1984 Summer Paralympics
|VII Paralympic Games|
|Host city||New York, United States
Stoke Mandeville, United Kingdom
|Nations participating||45 (USA)
|Athletes participating||1800 (USA)
|Events||~300 in 15 sports (USA)
603 in 10 sports (UK)
|Opening ceremony||June 17 (USA)
July 22 (UK)
|Closing ceremony||June 30 (USA)
August 1 (UK)
|Officially opened by||President Ronald Reagan (USA)
Charles, Prince of Wales (UK)
|Paralympic Stadium||Mitchel Athletic Complex (USA)
Stoke Mandeville Stadium (UK)
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The 1984 Summer Paralympics (branded as the 1984 International Games for the Disabled) were the seventh Paralympic Games to be held. They were in fact two separate competitions - one in Stoke Mandeville, United Kingdom for wheelchair athletes with spinal cord injuries and the other at the Mitchel Athletic Complex and Hofstra University in Long Island, New York, United States of America for wheelchair and ambulatory athletes with cerebral palsy, amputees, and les autres [the others] (conditions as well as blind and visually impaired athletes). Stoke Mandeville had been the location of the Stoke Mandeville Games from 1948 onwards, seen as the precursors to the Paralympic Games. As with the 1984 Summer Olympics, the Soviet Union and other communist countries except China, East Germany, Hungary, Poland and Yugoslavia boycotted the Paralympic Games.
These were the last Summer Paralympics not held in the venues of the Summer Olympic Games.
The 1984 Summer Paralympics has become known as "The last minute games". These Games were originally intended to be hosted by the University of Illinois but financial problems caused the university to pull out of hosting them three months before they were set to begin, "...without doubt resulting in a setback to the disability sports movement". On short notice, Long Island and Stoke Mandeville took up the task of hosting the Games.
Competitors were divided into five disability-specific categories: amputee, cerebral palsy, visually impaired, wheelchair, and les autres (athletes with physical disabilities that had not been eligible to compete in previous Games). The wheelchair category was for those competitors who used a wheelchair due to a spinal cord disability. However some athletes in the amputee and cerebral palsy categories also competed in wheelchairs. Within the sport of athletics, a wheelchair marathon event was held for the first time. The Trails for the first wheelchair event to be held at the 1984 Los Angeles Olympic Games was held in conjunction with the New York Games. However, despite the long and established history of using "paralympic" terminology, in the United States the US Olympic Committee prohibited the Games organizers from using the term. The seventeen contested sports are listed below, along with the disability categories which competed in each.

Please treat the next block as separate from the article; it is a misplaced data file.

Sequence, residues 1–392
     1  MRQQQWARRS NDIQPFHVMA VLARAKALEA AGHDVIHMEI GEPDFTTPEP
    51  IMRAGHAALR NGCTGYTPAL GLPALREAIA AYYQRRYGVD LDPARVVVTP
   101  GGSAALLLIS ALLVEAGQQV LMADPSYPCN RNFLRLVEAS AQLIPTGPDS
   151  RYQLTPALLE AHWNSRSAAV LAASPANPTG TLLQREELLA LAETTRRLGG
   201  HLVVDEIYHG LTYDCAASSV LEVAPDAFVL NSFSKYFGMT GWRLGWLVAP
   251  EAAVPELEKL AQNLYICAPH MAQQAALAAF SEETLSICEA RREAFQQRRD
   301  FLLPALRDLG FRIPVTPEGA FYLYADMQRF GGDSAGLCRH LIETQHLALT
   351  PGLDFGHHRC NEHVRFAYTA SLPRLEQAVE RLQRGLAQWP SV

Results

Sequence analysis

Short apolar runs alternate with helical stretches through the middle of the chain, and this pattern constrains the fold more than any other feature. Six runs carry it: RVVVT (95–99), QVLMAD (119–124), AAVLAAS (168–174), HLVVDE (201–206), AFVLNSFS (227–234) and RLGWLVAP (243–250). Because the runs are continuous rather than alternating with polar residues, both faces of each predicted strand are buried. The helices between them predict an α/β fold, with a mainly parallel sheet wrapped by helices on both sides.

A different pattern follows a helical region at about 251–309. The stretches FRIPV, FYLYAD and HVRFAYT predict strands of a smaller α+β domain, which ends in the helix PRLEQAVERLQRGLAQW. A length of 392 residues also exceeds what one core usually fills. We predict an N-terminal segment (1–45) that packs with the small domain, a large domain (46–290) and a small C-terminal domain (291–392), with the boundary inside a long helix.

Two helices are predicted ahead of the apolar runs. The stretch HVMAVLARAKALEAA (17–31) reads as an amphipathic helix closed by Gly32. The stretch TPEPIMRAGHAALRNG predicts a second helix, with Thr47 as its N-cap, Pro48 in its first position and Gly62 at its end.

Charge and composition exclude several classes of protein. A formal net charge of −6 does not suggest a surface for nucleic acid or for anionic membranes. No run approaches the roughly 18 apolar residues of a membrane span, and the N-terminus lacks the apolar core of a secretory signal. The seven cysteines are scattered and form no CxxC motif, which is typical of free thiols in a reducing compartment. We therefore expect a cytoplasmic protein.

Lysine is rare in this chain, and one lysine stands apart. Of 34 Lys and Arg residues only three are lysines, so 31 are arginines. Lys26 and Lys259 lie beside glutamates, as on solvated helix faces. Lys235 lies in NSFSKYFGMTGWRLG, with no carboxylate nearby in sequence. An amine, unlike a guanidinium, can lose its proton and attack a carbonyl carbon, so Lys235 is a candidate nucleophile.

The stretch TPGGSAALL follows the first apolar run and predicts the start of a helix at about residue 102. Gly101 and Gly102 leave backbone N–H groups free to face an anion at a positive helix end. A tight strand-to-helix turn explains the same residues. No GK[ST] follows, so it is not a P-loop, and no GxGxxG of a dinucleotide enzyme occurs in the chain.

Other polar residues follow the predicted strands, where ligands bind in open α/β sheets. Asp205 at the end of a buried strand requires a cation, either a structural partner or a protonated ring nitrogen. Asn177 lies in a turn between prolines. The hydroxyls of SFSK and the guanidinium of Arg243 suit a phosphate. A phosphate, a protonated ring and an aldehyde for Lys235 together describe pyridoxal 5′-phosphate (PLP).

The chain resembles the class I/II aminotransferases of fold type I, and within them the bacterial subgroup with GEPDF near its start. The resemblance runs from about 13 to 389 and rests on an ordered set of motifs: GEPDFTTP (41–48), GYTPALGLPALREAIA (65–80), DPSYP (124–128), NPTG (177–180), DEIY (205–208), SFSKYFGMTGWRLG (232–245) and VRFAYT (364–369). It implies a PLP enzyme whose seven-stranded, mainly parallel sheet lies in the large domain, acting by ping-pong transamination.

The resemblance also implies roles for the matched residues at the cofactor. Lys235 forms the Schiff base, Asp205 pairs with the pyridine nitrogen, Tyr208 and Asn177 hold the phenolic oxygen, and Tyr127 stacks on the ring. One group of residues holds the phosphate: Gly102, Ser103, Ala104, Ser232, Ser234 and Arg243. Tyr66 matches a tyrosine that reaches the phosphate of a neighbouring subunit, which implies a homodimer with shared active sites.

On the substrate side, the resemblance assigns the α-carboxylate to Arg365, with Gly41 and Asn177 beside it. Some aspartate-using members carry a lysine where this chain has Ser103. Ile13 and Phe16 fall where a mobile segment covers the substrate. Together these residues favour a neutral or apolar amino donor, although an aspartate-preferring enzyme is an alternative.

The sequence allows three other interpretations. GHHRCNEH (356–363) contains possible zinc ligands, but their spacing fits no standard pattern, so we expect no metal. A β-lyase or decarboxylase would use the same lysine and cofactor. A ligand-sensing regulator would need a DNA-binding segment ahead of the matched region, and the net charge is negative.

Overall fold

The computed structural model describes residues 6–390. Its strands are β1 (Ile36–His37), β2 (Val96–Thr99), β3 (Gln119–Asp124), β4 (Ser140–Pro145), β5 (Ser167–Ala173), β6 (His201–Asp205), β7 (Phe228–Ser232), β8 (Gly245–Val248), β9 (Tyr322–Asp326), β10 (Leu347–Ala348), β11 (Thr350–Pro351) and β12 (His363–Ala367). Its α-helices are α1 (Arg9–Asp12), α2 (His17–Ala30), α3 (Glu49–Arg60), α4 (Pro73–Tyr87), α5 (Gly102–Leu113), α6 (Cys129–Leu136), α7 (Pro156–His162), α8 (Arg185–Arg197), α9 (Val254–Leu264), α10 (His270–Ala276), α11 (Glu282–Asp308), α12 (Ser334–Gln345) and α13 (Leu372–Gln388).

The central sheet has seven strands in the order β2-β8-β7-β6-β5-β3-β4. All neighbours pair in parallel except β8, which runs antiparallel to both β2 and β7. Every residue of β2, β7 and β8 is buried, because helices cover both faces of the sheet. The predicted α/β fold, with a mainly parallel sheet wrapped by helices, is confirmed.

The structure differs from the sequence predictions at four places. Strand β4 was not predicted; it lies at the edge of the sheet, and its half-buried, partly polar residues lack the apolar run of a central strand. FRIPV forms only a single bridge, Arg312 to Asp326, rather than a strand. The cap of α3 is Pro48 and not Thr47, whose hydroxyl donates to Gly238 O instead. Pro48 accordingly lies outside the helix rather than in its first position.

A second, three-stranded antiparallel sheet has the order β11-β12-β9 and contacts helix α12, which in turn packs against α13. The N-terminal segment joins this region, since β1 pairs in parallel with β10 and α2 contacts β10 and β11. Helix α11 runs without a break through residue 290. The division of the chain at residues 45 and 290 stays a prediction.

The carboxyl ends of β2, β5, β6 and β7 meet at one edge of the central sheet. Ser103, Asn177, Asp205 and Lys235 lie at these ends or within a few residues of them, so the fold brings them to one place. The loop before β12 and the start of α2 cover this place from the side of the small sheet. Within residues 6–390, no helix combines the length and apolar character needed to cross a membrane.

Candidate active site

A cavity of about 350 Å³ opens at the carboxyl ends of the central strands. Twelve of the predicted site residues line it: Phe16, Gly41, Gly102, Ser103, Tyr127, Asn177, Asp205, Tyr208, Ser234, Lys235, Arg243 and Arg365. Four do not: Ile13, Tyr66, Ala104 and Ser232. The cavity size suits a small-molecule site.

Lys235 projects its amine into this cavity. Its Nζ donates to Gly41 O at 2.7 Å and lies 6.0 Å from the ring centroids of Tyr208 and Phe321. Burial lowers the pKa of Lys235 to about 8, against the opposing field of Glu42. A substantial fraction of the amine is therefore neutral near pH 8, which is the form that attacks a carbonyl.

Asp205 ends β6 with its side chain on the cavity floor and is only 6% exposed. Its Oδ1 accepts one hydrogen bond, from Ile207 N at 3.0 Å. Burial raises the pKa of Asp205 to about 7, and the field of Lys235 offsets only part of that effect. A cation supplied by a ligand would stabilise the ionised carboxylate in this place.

- Archery - Cerebral palsy, wheelchair, and les autres
- Athletics - All
- Boccia - Cerebral palsy
- Cycling - Cerebral palsy
- Equestrian - Cerebral palsy
- Football 7-a-side - Cerebral palsy
- Goalball - Visually impaired
- Lawn bowls - Amputee and wheelchair
- Lifting - Amputee, cerebral palsy, wheelchair, and les autres
- Shooting - Amputee, cerebral palsy, wheelchair, and les autres
- Snooker - Wheelchair
- Swimming - All
- Table tennis - Amputee, cerebral palsy, wheelchair, and les autres
- Volleyball - Amputee and les autres
- Wheelchair basketball - Wheelchair and les autres
- Wheelchair fencing - Wheelchair
- Wrestling - Visually impaired
|29||Trinidad and Tobago||2||0||1||3|
|Papua New Guinea||0||0||0||0|
|Total (54 NPCs)||973||946||848||2767|
Fifty-four delegations took part in the 1984 Paralympics.
- "2012 – The Paralympics come home", BBC, July 4, 2008
- Bailey, Steve (2008). Athlete First: A history of the paralympic movement. John Wiley & Sons. pp. 35–26. ISBN 9780470058244.
- "Wednesday 29 August 2012 UK Paralympic archive: Last-minute Games (1984)". Channel 4. August 29, 2012. Retrieved November 10, 2012.
- "Stoke Mandeville 1984: The last-minute Paralympics". Mandeville Legacy: Celebrating Buckinghamshire as the birthplace of the Paralympic movement. 2011. Retrieved November 10, 2012.
- "Mandeville Legacy: Stoke Mandeville 1984". Retrieved August 14, 2012.
- "Stoke Mandeville & New York 1984". International Paralympic Committee. 2008. Retrieved August 6, 2008.
- "Medal Standings - New York / Stoke Mandeville 1984 Paralympic Games". International Paralympic Committee. 2008. Retrieved August 8, 2008.